tw school violence
i’m a student at this university. i’m a victim of this shooting. im literally wearing a shirt bought that funded the victims funerals. the thought of using it as a promotion, a brand deal… it’s disgusting. i don’t get how ppl can feel comfortable monetizing it https://t.co/DhxoZxD5rP
— ✦ eyeles ✦ (@eyeles_alt) May 19, 2023
I don’t know why my therapist or docs didn’t tell that Biore pore strips could have helped heal the bullet wound on my stomach, or my anxiety after being shot, or my fear of loud noises, or stop my nightmares, or help me feel ok at school. Firing them and buying in bulk! 👀 https://t.co/cgPCo6TX2O
— Mia Tretta (@mia_tretta) May 20, 2023
Following the backlash, Bioré apologised for the “inappropriate” sponsored post in a statement shared to social media on Sunday. “We lacked sensitivity around an incredibly serious tragedy, and our tonality was completely inappropriate,” the statement read. In the Instagram caption, the company also asked followers to direct their anger towards the brand, “not towards the creators themselves.”
“This is our mistake, and we own it. We let our community down and we let our creators down by not providing better guidance,” they added.
Meanwhile, Max-Brown posted an apology to her TikTok on Sunday, explaining that the partnership video was “strictly meant to spread awareness about the struggles that I have had with anxiety since our school shooting.”
She continued: “This partnership was not intending to come off as the product fixing the struggles I have since this event. Rather, partnering with a brand to spread awareness of what me and so many other students have been dealing with.”
“I did not mean to desensitize the traumatic event that took place as I know the effects it has had on me and the Spartan community,” her apology read. “I take accountability for this and will ensure to be smarter in the future.”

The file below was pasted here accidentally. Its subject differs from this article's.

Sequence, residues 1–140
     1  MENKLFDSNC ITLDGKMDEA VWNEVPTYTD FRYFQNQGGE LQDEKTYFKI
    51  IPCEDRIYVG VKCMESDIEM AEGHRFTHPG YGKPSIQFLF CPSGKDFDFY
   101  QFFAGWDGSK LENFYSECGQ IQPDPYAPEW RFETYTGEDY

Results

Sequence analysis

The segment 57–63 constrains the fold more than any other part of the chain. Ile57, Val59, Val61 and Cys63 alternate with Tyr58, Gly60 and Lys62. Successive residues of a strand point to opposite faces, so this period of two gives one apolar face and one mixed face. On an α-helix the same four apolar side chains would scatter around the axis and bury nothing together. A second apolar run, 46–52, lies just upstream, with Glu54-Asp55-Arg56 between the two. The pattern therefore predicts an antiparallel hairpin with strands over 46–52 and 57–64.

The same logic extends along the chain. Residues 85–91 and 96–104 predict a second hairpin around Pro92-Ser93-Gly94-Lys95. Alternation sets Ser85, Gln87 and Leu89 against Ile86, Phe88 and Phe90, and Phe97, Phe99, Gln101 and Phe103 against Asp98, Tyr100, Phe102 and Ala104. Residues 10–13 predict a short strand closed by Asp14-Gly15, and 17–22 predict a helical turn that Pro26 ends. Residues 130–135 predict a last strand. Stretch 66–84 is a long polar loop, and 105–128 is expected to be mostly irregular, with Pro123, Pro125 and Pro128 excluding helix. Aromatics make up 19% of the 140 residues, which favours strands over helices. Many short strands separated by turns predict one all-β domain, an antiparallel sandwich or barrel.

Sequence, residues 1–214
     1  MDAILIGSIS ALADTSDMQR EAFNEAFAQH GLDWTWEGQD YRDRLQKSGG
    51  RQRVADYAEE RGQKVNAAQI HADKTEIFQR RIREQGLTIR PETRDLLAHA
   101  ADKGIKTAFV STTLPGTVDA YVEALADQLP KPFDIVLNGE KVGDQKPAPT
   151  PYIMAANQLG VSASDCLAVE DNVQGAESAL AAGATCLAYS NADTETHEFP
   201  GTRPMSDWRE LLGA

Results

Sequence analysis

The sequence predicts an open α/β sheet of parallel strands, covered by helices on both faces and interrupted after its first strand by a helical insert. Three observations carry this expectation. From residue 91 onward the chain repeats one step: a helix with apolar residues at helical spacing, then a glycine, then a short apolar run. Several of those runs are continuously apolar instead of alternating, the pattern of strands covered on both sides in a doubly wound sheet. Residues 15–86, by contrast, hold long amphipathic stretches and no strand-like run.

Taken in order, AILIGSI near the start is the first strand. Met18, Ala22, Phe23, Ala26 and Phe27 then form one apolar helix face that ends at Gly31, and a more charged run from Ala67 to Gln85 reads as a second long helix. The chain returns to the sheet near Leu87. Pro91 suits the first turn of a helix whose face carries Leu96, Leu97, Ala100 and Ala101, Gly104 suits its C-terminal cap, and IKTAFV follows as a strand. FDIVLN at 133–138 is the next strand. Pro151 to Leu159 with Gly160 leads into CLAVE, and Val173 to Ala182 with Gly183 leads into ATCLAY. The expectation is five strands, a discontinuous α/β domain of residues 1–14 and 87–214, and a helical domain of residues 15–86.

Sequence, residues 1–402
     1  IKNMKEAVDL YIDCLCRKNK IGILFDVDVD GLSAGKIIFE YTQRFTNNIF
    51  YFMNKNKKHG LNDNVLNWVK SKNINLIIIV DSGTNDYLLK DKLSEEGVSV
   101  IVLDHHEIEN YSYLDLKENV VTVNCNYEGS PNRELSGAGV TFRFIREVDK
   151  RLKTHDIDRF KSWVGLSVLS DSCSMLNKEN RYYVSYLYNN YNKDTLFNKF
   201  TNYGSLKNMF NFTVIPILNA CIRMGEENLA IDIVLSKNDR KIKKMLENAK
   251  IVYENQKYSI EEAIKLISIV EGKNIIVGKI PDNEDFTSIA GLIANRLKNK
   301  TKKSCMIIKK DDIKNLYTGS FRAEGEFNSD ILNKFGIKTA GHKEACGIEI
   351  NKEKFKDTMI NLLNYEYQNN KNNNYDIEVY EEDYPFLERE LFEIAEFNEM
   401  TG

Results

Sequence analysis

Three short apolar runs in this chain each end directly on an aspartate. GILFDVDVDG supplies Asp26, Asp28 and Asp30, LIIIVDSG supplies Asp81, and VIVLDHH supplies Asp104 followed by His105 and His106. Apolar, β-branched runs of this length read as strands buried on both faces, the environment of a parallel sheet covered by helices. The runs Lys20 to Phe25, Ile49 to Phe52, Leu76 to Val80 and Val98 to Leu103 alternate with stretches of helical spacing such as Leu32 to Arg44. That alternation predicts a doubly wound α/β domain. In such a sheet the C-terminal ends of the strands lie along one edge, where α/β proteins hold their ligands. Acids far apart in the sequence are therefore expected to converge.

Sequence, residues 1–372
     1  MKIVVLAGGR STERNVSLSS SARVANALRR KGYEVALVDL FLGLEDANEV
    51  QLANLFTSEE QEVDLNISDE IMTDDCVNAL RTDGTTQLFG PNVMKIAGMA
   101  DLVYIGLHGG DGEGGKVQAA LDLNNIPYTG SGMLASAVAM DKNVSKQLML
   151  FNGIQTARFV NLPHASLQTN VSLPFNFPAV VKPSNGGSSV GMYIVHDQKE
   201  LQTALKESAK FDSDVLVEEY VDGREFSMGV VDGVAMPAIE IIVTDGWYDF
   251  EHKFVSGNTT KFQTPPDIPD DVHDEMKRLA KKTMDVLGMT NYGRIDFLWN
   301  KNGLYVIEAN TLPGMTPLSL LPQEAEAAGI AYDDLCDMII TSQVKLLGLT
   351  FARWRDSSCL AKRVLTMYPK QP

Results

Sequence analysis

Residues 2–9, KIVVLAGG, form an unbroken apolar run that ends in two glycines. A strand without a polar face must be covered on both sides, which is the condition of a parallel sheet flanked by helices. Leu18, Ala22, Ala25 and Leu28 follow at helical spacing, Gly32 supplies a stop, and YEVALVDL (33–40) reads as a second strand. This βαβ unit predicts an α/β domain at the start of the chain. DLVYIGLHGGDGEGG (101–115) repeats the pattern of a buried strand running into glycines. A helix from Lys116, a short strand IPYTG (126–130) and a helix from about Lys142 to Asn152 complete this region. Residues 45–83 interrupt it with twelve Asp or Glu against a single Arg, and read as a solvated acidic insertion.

In an emailed statement to NBC News on Friday, Max-Brown said the TikTok “came off completely wrong.”
“I wanted the message to shed light on how I’ve been struggling with anxiety after our school shooting,” she said. “My only intention was to try and help other people that are going through the same experience, and not desensitize what happened.”
A Bioré representative told The New York Times that they’ve been in contact with Max-Brown “more than once” since the video was posted and planned to continue to provide her with support. The sponsored post was shared as part of Bioré’s “Strip Away the Stigma” challenge, which aims to normalise conversations about mental health.
Last February, three Michigan State University students were killed and five others were critically injured after a gunman opened fire at the East Lansing campus. Brian Fraser and Alexandria Verner were named by MSU Police as victims of the shooting. The identity of the third victim was confirmed by family as 19-year-old Arielle Anderson.
There have been more than 230 mass shootings in the United States this year, according to the Gun Violence Archive, a nonprofit research group that tracks gun violence.
The Independent has contacted Bioré and Cecilee Max-Brown for comment.